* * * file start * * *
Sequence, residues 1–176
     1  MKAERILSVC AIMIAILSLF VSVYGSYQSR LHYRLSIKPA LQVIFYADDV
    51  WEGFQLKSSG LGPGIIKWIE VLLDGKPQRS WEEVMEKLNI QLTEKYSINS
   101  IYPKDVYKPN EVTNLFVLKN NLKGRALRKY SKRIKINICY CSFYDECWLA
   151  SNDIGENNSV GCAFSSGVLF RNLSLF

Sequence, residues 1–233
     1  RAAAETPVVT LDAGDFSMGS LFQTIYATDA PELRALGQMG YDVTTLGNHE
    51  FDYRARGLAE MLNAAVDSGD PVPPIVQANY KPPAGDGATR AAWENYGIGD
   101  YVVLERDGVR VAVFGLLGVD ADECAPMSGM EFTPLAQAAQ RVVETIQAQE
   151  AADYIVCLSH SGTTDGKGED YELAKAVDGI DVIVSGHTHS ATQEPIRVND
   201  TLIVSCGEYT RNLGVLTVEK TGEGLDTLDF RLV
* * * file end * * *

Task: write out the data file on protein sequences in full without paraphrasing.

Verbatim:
Sequence, residues 1–176
     1  MKAERILSVC AIMIAILSLF VSVYGSYQSR LHYRLSIKPA LQVIFYADDV
    51  WEGFQLKSSG LGPGIIKWIE VLLDGKPQRS WEEVMEKLNI QLTEKYSINS
   101  IYPKDVYKPN EVTNLFVLKN NLKGRALRKY SKRIKINICY CSFYDECWLA
   151  SNDIGENNSV GCAFSSGVLF RNLSLF

Sequence, residues 1–233
     1  RAAAETPVVT LDAGDFSMGS LFQTIYATDA PELRALGQMG YDVTTLGNHE
    51  FDYRARGLAE MLNAAVDSGD PVPPIVQANY KPPAGDGATR AAWENYGIGD
   101  YVVLERDGVR VAVFGLLGVD ADECAPMSGM EFTPLAQAAQ RVVETIQAQE
   151  AADYIVCLSH SGTTDGKGED YELAKAVDGI DVIVSGHTHS ATQEPIRVND
   201  TLIVSCGEYT RNLGVLTVEK TGEGLDTLDF RLV